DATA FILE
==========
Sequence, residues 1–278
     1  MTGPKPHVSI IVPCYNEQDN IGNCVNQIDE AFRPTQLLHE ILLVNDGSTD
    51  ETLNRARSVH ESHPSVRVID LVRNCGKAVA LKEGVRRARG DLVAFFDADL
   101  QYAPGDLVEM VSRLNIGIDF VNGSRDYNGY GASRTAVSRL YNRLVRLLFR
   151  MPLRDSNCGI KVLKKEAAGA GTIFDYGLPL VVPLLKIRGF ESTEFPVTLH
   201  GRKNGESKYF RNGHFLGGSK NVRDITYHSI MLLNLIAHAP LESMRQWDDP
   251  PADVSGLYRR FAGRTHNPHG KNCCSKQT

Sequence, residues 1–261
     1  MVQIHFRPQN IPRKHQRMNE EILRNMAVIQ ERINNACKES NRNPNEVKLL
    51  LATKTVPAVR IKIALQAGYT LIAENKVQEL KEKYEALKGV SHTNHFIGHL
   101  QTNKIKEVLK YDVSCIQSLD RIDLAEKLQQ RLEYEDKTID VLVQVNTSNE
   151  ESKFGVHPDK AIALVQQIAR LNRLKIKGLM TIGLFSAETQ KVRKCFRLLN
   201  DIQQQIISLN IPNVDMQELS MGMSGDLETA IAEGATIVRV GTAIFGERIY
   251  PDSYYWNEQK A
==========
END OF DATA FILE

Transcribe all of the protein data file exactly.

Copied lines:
Sequence, residues 1–278
     1  MTGPKPHVSI IVPCYNEQDN IGNCVNQIDE AFRPTQLLHE ILLVNDGSTD
    51  ETLNRARSVH ESHPSVRVID LVRNCGKAVA LKEGVRRARG DLVAFFDADL
   101  QYAPGDLVEM VSRLNIGIDF VNGSRDYNGY GASRTAVSRL YNRLVRLLFR
   151  MPLRDSNCGI KVLKKEAAGA GTIFDYGLPL VVPLLKIRGF ESTEFPVTLH
   201  GRKNGESKYF RNGHFLGGSK NVRDITYHSI MLLNLIAHAP LESMRQWDDP
   251  PADVSGLYRR FAGRTHNPHG KNCCSKQT

Sequence, residues 1–261
     1  MVQIHFRPQN IPRKHQRMNE EILRNMAVIQ ERINNACKES NRNPNEVKLL
    51  LATKTVPAVR IKIALQAGYT LIAENKVQEL KEKYEALKGV SHTNHFIGHL
   101  QTNKIKEVLK YDVSCIQSLD RIDLAEKLQQ RLEYEDKTID VLVQVNTSNE
   151  ESKFGVHPDK AIALVQQIAR LNRLKIKGLM TIGLFSAETQ KVRKCFRLLN
   201  DIQQQIISLN IPNVDMQELS MGMSGDLETA IAEGATIVRV GTAIFGERIY
   251  PDSYYWNEQK A